Guidance Notes

How To Correctly Enter Names;


Full Name Given at Birth
Use the full name given at birth, including the complete middle name if there is one. This is usually the name as it exactly appears on the birth certificate. If the name on the birth certificate was never used or was changed shortly after birth, for whatever reason, the name on the birth certificate is still the correct name to use. 

The only exceptions: (1) if a clerical error has occurred, use the actual name given at birth, or (2) if you were adopted, use the full adopted name given by the first family you permanently resided with (your soul's linkage is with your permanent adoptive parents rather than with any foster or natural parents).

Full Name Commonly Used Today
The full name most commonly used today must also be entered. If several different names are used, enter the full name most strongly identified with. That’s usually the name used with family and close friends. Sometimes, if you have strong career identification, it’s the name used in your professional work. Only use the middle name (or initial) if you more strongly identify with it than without it.

Hyphenated Names
If a name is hyphenated, enter the name with the hyphen.

Compound Names
If the last name is made of compounds, combine them into one name, placing an underscore character between each compound part. For example:

      'Arthur van der Kalen' is entered as 'Arthur van_der_kalen'

If a compound name contains either a Y or W, then the following are all valid ways to enter the name. This assures that the Y and W are correctly detected as vowels or consonants:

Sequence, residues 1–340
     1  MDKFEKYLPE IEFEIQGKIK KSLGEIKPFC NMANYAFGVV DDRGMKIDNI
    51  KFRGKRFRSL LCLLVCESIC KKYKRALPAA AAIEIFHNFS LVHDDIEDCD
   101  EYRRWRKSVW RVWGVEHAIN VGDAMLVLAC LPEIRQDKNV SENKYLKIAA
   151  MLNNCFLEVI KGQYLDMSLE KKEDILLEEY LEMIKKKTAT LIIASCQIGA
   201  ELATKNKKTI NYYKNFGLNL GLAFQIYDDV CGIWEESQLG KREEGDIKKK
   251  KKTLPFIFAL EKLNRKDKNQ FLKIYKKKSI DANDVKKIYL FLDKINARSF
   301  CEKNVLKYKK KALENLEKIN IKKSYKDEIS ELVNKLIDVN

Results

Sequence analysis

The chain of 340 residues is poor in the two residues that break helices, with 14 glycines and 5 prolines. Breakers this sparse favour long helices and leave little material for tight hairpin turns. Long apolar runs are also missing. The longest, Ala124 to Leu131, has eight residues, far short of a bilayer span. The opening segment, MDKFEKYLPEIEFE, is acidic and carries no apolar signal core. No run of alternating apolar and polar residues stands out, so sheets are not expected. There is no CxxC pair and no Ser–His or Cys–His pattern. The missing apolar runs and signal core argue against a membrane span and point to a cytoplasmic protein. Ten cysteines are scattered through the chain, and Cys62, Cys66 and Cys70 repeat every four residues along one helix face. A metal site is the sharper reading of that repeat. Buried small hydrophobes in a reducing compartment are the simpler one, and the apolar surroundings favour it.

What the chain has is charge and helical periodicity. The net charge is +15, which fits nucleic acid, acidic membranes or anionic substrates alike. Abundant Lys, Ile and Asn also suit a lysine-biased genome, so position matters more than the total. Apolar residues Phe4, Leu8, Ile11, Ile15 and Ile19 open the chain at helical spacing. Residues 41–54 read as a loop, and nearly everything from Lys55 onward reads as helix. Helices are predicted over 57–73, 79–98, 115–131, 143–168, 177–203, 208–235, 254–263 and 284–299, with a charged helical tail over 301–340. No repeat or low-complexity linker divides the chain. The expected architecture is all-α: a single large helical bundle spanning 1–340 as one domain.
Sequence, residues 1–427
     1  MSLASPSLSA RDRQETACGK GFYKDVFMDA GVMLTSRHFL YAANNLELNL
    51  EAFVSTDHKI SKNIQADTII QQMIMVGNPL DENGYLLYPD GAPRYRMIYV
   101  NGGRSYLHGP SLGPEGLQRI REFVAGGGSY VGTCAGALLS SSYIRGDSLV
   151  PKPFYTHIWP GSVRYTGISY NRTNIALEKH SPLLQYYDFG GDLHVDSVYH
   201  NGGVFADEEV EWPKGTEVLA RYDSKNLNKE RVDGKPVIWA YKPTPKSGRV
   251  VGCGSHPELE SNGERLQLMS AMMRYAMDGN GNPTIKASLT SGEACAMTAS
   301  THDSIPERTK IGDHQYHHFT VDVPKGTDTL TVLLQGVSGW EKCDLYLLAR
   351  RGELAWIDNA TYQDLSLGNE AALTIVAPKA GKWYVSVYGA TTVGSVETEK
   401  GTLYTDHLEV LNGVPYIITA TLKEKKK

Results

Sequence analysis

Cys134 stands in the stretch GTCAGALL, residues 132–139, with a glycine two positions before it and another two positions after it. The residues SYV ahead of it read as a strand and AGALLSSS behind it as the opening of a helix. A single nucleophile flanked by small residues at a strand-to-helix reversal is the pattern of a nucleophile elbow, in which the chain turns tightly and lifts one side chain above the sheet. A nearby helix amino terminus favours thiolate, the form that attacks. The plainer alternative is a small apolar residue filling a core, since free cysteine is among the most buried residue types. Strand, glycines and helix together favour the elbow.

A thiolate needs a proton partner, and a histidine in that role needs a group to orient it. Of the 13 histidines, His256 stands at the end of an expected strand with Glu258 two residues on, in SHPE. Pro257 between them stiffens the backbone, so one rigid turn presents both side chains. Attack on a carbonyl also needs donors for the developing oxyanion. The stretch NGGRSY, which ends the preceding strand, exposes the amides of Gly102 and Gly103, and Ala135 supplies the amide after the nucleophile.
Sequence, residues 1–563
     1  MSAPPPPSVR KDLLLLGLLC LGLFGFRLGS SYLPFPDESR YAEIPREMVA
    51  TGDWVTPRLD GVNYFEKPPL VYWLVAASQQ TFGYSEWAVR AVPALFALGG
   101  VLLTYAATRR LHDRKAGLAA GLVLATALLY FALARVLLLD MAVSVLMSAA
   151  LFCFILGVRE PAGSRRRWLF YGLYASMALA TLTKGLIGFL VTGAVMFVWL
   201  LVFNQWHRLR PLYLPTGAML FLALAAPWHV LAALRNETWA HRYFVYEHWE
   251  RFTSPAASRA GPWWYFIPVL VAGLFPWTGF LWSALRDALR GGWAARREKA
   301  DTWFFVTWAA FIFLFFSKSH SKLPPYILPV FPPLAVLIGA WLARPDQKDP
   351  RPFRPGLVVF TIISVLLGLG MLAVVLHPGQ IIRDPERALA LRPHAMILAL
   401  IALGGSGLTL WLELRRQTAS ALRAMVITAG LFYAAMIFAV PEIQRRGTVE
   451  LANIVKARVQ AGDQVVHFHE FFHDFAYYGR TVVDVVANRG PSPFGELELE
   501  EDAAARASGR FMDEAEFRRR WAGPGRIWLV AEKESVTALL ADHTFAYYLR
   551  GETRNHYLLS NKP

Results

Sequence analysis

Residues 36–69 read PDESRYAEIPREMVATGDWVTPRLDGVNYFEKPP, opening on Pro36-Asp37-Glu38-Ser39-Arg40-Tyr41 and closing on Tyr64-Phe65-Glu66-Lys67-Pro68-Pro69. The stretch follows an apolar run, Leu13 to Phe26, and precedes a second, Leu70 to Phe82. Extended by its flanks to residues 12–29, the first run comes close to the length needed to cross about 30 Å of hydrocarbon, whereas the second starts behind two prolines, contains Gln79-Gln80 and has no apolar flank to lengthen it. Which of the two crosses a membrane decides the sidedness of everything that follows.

'George DeWitt' can be entered as: 

      'George DeWitt' or as, 
      'George De_Witt' or as, 
      'GEORGE DE_WITT' or as, 
      'george de_witt' 

but not as 'George Dewitt' or 'GEORGE DEWITT'.

Names Ending With Jr., Sr., II, Etc.
If the name contains a Jr. or Sr. or II, III, etc., following the name, then omit it. For example:

      'Henry Ford, Jr.' is entered as 'Henry Ford'

Foreign Alphabets
Foreign alphabets that use the English character set are also supported. Examples include French, Italian and Spanish. If your alphabet uses accents above certain characters, enter the equivalent non-accented character. 

If you use the Spanish alphabet containing two character letters (CH, LL and RR), then enter these characters as two single characters surrounded by a left and right parenthesis, i.e., enter CH as a C character followed by a H character (CH). The parentheses will not be displayed, but the double letters will now be correctly treated as a single letter. 

For alphabets that do not use the Roman letters—Russian, Japanese, Hebrew, traditional Chinese or Greek for example—use the transliterated name, i.e., the name as written in the Roman alphabet.

Long Names (more then 4 names long)

Finally, the system uses a maximum of four names. If a person’s complete name contains more than four names, only the first and last name are used. If you enter more than four names, all the names will be displayed, but only the first and last names will be used for the calculations. If you want to override this method of calculation, then use the underscore character instead of a space character to separate the extra middle names, so effectively there are only four names. For example: 

'William Steven David Matthew Crown' can be entered as:

      'William Steven_David Matthew Crown'

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